SailFuture serves high-risk teens throughout the St. Petersburg community, and with the purchase and recent redevelopment of the historic Norwood Elementary School, the innovative organization is better equipped to prepare kids for success as adults.
SailFuture opened up its first residential home to teens in foster care in 2016. The organization invited six boys to live in a 4,500 square-foot waterfront home, and became their caregivers. The kids would spend six months out of the year traveling on the organization’s sailboat, an experience that Chief Operating Officer Hunter Thompson called a positive way to build relationships between the children and their guardians.
Taking high-risk teens to other countries to perform community service also proved to be a valuable educational opportunity, as they trained in maritime skills ranging from first aid to engineering.
“Sailing has always been a core component of how we teach and educate our kids,” said Thompson. “But when our kids aren’t traveling on a sailboat, we couldn’t just send them to an average public school.”
Thompson said moving around in the foster care system creates educational instability, and SailFuture quickly made it a priority to create its own school inside of The Waterfront House. However, he said the goal was always to create a real, brick-and-mortar school built on the same philosophy. The historic Norwood School building provided that opportunity.
Constructed in 1923 at 2154 27th Ave. N., the Norwood School was purchased by SailFuture in December of 2019. The building was subsequently remodeled and opened on Sept. 7 as the SailFuture Academy. In addition to serving as the organization’s educational headquarters, the facility will also support SailFuture’s case management, life skills center and mental health services.
The SailFuture Academy recently completed its first term of classes with 50 kids from both its residential program and the surrounding community. Initially intended as an all-boys school, the academy is now co-educational and offers bus service to its students. The school is private and nonprofit and serves high-risk kids in grades 9-12 who have become disengaged in traditional public school settings.
“Our target here is finding kids who are motivated by an experiential learning model,” said Thompson. “Kids who are interested in learning things that are practical and applicable.”
SailFuture focuses on making teens better professionals, entrepreneurs and business owners. Thompson said the school is designed to create skills that are practical in the “real world.” He adds that students are almost exclusively on scholarship, and many come from neighborhoods on the south side of St. Pete, such as Campbell Park and Jordan Park.
“Almost all of our families are on the Step Up for Students scholarship,” said Thompson. “That’s where the majority of the funding comes from, and the Step Up for Students scholarship focuses specifically on low-income families.”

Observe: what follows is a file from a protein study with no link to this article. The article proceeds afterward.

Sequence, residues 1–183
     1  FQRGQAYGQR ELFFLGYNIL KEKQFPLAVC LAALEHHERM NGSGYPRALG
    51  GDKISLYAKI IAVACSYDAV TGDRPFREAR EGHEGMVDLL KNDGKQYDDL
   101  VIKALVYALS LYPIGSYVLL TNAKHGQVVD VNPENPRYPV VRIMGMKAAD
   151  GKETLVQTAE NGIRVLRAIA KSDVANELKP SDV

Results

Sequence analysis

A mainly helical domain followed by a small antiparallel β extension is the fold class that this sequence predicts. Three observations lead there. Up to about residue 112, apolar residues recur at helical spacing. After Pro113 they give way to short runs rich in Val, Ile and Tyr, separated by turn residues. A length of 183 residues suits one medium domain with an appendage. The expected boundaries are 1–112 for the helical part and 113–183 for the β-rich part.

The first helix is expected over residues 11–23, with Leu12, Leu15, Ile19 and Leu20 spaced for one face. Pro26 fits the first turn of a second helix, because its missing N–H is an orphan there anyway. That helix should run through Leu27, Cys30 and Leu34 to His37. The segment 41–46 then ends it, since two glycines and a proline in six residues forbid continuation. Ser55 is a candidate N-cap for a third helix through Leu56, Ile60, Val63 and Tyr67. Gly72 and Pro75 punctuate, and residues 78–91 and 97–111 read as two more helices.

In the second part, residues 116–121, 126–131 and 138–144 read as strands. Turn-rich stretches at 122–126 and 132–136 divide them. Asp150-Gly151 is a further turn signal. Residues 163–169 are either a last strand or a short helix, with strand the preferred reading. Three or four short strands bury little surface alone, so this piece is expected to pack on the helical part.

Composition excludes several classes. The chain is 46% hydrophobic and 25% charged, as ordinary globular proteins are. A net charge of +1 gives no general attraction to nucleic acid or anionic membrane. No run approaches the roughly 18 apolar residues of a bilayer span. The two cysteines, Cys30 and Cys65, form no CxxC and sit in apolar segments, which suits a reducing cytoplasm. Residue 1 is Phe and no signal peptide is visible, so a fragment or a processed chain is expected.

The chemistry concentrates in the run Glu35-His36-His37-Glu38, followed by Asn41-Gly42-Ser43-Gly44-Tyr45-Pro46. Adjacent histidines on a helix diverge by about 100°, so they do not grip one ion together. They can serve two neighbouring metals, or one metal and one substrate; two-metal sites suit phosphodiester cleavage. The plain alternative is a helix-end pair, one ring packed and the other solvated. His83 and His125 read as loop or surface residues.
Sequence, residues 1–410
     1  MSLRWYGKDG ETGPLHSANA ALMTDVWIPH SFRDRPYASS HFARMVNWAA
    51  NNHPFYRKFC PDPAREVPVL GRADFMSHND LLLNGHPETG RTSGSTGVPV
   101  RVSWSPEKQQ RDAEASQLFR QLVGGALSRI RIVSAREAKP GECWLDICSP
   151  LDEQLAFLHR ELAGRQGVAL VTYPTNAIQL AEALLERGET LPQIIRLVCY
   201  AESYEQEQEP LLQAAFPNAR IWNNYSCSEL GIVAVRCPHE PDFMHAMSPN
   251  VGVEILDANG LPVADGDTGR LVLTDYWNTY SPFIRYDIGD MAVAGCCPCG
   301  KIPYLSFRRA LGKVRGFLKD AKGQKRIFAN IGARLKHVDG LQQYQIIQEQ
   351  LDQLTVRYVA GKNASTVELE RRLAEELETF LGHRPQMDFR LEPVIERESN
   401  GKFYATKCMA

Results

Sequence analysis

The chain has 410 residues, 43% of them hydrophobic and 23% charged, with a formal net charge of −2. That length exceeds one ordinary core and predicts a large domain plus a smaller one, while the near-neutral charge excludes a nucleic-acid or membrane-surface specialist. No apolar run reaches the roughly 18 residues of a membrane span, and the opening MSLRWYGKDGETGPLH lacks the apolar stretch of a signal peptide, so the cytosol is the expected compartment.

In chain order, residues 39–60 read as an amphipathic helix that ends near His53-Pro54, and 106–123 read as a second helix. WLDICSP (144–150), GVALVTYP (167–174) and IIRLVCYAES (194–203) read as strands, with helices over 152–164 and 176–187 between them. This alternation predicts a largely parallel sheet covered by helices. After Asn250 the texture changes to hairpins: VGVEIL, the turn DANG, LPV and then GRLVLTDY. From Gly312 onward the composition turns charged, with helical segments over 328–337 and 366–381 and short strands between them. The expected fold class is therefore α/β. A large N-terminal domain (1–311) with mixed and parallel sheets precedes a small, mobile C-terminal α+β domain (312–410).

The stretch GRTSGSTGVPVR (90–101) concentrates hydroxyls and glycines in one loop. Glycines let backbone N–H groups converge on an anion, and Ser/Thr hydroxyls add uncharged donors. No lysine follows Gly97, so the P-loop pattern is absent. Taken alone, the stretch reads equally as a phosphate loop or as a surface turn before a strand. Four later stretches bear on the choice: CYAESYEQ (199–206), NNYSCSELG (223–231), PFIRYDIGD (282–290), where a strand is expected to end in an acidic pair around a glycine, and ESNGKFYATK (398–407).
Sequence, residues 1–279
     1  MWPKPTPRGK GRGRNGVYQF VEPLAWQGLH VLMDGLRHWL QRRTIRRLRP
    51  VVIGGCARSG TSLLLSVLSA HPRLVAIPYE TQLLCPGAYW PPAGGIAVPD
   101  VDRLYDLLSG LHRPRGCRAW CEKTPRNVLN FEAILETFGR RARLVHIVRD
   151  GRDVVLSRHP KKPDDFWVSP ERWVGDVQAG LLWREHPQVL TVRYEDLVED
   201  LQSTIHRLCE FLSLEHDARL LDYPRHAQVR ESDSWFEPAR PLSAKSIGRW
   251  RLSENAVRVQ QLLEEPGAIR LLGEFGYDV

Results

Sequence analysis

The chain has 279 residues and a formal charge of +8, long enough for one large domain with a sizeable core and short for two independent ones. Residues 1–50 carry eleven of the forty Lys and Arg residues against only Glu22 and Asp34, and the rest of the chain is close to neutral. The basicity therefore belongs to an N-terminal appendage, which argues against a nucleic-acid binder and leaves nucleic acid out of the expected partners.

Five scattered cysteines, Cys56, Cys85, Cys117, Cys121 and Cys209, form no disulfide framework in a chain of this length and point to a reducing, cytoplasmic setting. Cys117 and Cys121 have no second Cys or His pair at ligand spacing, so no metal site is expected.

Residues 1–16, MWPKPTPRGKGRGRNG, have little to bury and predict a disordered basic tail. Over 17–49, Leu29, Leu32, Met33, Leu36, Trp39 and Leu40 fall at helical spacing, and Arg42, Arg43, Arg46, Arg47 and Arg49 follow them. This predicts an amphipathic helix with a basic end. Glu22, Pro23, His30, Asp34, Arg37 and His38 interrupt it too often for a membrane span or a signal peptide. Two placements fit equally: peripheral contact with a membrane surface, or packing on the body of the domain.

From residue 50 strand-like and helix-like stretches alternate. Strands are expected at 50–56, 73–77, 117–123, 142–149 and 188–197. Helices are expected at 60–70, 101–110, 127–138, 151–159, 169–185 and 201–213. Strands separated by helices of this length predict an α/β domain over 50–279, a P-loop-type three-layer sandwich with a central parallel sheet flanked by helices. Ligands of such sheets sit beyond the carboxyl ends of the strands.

SailFuture Academy uses the maritime and construction fields to teach problem-solving. Thompson called those industries the vessel for teaching practical skills with real-world applications. For example, he said, students in the first term we tasked with building a wooden bench. They first had to measure the wood accurately, which requires foundational math skills and the ability to add, subtract and multiply fractions.
The project also required the ability to use power tools, follow blueprints, measure and cut accurately, and assemble the parts. After the bench was complete, students had to then decide the best way to market and sell their product. Making a profit from their product also required calculating the cost of labor and materials.
Thompson said students spend one full day a week focused on maritime activities and sailing. While they teach kids to rig boats and manipulate sails, learning to communicate effectively to solve problems is the most important aspect of these exercises.
“If you’re on a small sailboat together, if you’re not communicating, you’re going to end up capsizing that boat,” explained Thompson. “We’re using sailing as a way to teach these kids how to effectively work in teams, and how to communicate to accomplish a common goal.”
In addition to maritime and construction activities, students also have business, communication, science, math and technology classes. Students take five courses throughout a term – which is between six and seven weeks long. The academy is open year-round with five terms to a school year. Thompson said there is a theme and common goal to each term, followed by an evaluation assessment. Students then enjoy a week off from school before returning.
SailFuture Academy’s educators have “quite a bit of experience” in public school settings but are now looking for a more effective means to connect with at-risk students.
Boys from both of SailFuture’s residential homes helped with the construction of the new school, from the flooring to the electrical wiring. SailFuture Academy plans to increase enrollment by 50 students for each incoming freshman class, bringing the total number of enrolled students to 200 by 2024.
In the end, the ultimate goal of the academy is to help provide economic freedom and social mobility for children from low-income families and places that lack opportunity.
“How can we empower them to get an education that’s going to ultimately make them successful in a professional career and successful as an independent adult,” asked Thompson rhetorically. “And with that, gain true economic freedom and have social mobility within this system and within society.”
To learn more about SailFuture, visit its website here.